Today in Smithsonian History: May 15, 1981
1918 WWI Red Cross recruiting poster by Harrison Fisher. Fisher (1877 – 1934) was an American illustrator born in Brooklyn, NY. After studying at the San Francisco Art Association, he began his career in 1898 as a newspaper and magazine illustrator. He became known particularly for his drawings of women, which won him acclaim as the successor of Charles Dana Gibson.
May 15, 1981 “The American Red Cross, a Century of Humanitarian Progress, 1881-1981” opens at the National Museum of American History, and continues through September 7, 1981.
The American Red Cross was established in Washington, D.C. on May 21, 1881, by Clara Barton (1821 – 1912), who became the first president of the organization. She founded the American chapter after becoming involved in the work of the International Red Cross in 1869 during the Franco-Prussian War.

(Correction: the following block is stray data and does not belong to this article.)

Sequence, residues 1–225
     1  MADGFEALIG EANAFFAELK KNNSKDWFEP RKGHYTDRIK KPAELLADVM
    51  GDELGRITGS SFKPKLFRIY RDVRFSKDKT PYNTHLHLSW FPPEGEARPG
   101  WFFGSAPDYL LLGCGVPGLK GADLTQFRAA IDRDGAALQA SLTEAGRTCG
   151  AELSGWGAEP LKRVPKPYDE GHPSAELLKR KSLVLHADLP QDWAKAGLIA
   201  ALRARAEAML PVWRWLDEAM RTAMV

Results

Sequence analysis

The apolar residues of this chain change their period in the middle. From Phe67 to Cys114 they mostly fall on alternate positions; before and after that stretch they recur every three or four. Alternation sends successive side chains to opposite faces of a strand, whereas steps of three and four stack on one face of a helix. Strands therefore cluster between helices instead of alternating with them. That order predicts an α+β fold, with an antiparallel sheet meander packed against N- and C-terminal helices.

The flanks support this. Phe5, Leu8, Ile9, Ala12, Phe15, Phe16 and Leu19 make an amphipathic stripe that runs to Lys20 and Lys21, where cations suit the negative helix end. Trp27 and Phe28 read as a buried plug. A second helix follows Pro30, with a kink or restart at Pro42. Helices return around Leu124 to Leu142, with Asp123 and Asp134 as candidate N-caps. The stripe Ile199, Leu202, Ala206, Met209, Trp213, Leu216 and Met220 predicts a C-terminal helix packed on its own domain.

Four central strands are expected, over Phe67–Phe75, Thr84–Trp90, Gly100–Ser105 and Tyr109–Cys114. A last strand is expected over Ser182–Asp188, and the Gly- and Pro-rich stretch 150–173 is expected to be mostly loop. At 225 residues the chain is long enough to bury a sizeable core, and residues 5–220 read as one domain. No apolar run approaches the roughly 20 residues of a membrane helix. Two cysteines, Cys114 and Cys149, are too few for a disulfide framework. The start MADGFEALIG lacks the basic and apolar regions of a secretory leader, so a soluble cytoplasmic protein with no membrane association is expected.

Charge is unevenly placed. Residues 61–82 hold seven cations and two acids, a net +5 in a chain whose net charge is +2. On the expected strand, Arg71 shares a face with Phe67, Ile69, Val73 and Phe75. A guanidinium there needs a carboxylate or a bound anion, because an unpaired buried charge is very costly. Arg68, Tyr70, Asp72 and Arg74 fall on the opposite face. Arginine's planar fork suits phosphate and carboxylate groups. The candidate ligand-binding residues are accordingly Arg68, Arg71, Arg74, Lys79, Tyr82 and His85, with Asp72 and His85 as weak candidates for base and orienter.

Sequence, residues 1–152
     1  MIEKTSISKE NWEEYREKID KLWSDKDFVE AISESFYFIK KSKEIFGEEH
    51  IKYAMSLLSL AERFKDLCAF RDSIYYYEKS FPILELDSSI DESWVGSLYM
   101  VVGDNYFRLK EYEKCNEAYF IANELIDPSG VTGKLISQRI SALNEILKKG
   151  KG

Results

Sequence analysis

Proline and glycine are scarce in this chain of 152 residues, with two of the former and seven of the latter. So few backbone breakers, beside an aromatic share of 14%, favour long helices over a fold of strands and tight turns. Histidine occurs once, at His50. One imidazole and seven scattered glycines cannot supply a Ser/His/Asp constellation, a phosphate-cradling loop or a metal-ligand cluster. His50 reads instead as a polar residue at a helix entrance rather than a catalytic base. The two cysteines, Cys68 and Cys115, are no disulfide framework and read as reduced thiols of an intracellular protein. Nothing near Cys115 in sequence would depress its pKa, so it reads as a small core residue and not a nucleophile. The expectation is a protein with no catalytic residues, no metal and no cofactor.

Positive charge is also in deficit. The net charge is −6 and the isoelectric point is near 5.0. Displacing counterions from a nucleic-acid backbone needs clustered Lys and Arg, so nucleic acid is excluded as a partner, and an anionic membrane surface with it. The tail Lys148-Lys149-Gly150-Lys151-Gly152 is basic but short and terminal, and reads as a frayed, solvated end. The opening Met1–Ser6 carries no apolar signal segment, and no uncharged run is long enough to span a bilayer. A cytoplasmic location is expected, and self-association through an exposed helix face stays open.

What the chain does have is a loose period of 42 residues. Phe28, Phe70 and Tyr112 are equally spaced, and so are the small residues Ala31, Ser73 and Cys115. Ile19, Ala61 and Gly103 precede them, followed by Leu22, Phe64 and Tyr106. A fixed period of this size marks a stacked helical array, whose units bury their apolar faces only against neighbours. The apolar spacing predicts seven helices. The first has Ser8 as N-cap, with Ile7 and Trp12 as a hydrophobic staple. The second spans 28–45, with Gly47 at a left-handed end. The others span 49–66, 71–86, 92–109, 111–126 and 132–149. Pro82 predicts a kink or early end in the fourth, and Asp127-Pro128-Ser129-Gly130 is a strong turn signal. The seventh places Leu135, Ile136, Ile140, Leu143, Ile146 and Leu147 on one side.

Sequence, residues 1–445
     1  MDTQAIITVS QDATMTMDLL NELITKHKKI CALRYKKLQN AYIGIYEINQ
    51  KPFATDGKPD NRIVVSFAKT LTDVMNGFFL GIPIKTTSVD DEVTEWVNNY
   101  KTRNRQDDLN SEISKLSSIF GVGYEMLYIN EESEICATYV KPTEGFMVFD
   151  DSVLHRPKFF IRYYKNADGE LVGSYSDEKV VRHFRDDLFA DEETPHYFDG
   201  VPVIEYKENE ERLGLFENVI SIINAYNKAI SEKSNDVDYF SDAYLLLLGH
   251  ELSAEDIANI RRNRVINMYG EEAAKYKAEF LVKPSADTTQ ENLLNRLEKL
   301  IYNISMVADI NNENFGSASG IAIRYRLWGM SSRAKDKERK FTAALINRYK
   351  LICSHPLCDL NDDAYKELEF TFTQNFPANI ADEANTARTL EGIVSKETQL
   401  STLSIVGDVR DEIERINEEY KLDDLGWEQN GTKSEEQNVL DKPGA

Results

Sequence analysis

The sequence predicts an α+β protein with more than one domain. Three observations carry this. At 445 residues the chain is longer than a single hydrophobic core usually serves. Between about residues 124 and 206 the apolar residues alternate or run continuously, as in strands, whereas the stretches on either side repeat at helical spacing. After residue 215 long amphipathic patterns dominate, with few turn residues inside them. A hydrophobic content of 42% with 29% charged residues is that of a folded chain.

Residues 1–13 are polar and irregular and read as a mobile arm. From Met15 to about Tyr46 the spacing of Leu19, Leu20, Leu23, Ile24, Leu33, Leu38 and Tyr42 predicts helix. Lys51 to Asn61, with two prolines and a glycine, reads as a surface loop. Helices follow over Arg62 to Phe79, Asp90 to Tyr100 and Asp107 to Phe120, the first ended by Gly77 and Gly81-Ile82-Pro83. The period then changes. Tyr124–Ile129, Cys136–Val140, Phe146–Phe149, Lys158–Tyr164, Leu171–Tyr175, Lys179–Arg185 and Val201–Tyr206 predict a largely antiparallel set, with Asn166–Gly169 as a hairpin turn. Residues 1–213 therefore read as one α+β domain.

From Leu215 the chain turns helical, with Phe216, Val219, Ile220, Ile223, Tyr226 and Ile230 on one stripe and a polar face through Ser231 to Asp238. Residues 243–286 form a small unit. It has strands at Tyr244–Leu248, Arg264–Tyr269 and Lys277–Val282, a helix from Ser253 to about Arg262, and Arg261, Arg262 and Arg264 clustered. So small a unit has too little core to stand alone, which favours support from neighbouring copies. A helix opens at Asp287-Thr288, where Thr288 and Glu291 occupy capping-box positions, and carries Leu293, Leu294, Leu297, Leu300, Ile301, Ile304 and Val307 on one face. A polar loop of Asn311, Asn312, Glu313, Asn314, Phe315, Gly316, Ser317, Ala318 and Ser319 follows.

Barton led one of the group’s first major relief efforts, a response to the Great Fire of 1881 in the Thumb region of Michigan, which occurred on September 4–6, 1881. More than 5,000 people were left homeless by the fire. The Red Cross also led relief efforts after the Johnstown Flood, which occurred on May 31, 1889. More than 2,209 people died and thousands more were injured in or near Johnstown, Pa., in one of the worst disasters in United States history.
The Red Cross established infirmaries and provided housing and supplies to the citizens of Johnstown, Pa., in the months following the devastating flood of 1889. (Photo via Johnstown Area Historical Association)
Posted: 15 May 2017